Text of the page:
On a roll with royal visitors
THERE was nearly a serious Royall incident shortly after the Queen arrived at caravan makers Bailey of Bristol – but this wasn't one of the Duke of Edinburgh's trademark gaffes.
It came from Paul Royall – the factory worker at the Ashton Vale family firm, who had been given the ominous responsibility of driving the Queen and Prince Philip around the site in one of the company's flagship motorhomes.
The 35-year-old, from Filton, who has worked at Bailey's for 15 years, is more familiar with driving the vehicles than anyone – but in a heart-stopping moment, shortly after the royal couple had stepped on board, he attempted to pull away without engaging the van into gear.
There was a gasp from the assembled crowd of Paul's fellow workers, as the royal motorhome rolled backwards on the slope, stopping within inches of the following van, which housed the visiting party's other dignitaries and the royal security personnel.
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"Thankfully it didn't seem quite as dramatic from inside the vehicle as it clearly did to everyone outside," said Paul, who works on the shop floor as a production team leader.
"It was only when I heard the gasp from the crowd that I realised I was rolling backwards with the Queen and the Duke of Edinburgh on board. Luckily I think they hardly noticed.
"I drive these vehicles every day of my working life, and I've never failed to engage first gear before. I suppose it was just nerves. It was all a bit embarrassing, but it didn't really take anything away from the honour I felt at having been chosen to drive the royal couple around the plant."
School children from Ashton Vale Primary, Parson Street Primary, and St Anne's Park Primary were also on hand to welcome the Queen, as she arrived at the opening engagement on her first tour of the city in seven years.
The Queen shone out on an otherwise grey, wet and blustery day, wearing a vibrant pink outfit – a Stewart Parvin dress and matching double-breasted coat with gold buttons, and finished off with a ruby, diamond and gold brooch and a matching pink hat by Rachel Trevor Morgan.
After a quick visit to the offices of the family firm, which next year celebrates its 65th anniversary, the royal couple were given an extensive tour of the factory floor.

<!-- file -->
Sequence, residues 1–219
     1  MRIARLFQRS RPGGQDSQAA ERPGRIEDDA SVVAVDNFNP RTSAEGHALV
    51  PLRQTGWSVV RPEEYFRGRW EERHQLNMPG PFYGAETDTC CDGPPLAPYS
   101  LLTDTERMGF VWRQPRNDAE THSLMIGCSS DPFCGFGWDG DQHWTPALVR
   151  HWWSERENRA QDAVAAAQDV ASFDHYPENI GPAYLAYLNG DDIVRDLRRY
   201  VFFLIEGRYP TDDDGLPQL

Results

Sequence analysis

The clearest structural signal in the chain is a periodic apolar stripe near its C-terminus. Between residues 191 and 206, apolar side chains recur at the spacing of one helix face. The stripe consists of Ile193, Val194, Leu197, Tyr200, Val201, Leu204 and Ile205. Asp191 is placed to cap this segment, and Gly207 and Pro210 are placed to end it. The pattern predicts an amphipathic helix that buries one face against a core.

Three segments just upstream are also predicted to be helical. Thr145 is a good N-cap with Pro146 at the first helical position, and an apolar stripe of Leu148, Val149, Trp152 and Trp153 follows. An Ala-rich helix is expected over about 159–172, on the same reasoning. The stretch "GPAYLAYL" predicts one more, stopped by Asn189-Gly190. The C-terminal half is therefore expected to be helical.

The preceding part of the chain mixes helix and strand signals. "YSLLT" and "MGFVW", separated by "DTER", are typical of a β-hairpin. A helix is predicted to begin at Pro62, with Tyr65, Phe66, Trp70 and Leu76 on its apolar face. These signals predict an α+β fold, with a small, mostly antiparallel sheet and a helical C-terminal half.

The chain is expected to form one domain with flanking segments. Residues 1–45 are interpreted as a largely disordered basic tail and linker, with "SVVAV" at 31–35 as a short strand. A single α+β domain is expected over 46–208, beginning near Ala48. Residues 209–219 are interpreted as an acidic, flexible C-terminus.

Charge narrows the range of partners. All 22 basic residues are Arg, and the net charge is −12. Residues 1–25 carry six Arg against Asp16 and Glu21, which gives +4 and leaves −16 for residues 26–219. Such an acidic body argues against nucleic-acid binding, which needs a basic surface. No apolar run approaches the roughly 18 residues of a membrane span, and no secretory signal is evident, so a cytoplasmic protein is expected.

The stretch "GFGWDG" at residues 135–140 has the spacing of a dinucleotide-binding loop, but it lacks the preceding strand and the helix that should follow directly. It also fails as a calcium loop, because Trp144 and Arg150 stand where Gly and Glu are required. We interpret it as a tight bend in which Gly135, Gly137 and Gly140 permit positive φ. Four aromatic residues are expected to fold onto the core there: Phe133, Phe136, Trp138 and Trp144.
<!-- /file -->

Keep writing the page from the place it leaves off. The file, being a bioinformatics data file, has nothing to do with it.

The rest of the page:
The Duke of Edinburgh, with trademark wit, soon spotted the heavy gold chains worn by factory worker Stephen Brock.
"He saw my jewellery and said, 'you don't believe in banks do you?'" the 53-year-old laughed.
The Queen was then shown around the plant by Nick Howard, director of the company, while his brother Simon Howard, the marketing manager, led the Duke around the different stages of production.
"He was very interested in the practicalities of the process," Simon said. "He spent a long time looking at the design drawings for the caravans, and asked lots of questions about the materials used. The Queen seemed more interested in talking to people about their experience of working here."
Scott Magges, 26, a production line worker in the cab shop, said: "The Duke was interested in the caravan bed I was building. He asked how comfortable they were, and joked he wouldn't mind laying down on it himself for a nap."
After a short speech from Nick Howard, the Queen unveiled a plaque to commemorate the visit, before getting the chance to step inside one of the company's latest caravans to come off the production line.
But the job of saying goodbye to the royal party fell to the company director's seven-year-old daughter Tamsin Howard, who presented the Queen with a white rose bouquet before her departure.
"It was scary and exciting both at the same time," Tamsin said.
"The Queen asked whether I prefer caravans or motor homes, and I said I like motor homes better."
But Her Majesty left the motor homes behind, in favour of her familiar Bentley as she departed.